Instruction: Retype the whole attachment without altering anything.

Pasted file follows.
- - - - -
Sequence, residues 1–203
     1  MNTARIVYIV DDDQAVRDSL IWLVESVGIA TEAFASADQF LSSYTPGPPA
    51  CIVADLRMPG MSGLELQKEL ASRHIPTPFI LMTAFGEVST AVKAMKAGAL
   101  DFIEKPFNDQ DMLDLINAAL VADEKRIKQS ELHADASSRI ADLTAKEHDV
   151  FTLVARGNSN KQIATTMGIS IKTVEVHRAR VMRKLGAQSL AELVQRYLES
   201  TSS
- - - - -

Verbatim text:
Sequence, residues 1–203
     1  MNTARIVYIV DDDQAVRDSL IWLVESVGIA TEAFASADQF LSSYTPGPPA
    51  CIVADLRMPG MSGLELQKEL ASRHIPTPFI LMTAFGEVST AVKAMKAGAL
   101  DFIEKPFNDQ DMLDLINAAL VADEKRIKQS ELHADASSRI ADLTAKEHDV
   151  FTLVARGNSN KQIATTMGIS IKTVEVHRAR VMRKLGAQSL AELVQRYLES
   201  TSS